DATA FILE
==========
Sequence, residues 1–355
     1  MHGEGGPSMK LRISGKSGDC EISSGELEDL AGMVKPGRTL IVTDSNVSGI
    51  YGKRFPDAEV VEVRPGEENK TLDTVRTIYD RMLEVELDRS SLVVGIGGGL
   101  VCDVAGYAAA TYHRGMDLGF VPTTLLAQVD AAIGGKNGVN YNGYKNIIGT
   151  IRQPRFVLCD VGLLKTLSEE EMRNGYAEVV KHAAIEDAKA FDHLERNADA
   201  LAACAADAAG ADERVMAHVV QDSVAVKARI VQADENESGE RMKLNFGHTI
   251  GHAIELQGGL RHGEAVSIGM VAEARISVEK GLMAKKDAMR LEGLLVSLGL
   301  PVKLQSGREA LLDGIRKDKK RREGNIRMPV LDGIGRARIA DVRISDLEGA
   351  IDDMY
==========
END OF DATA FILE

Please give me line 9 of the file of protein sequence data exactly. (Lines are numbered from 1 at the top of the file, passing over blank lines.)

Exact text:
   351  IDDMY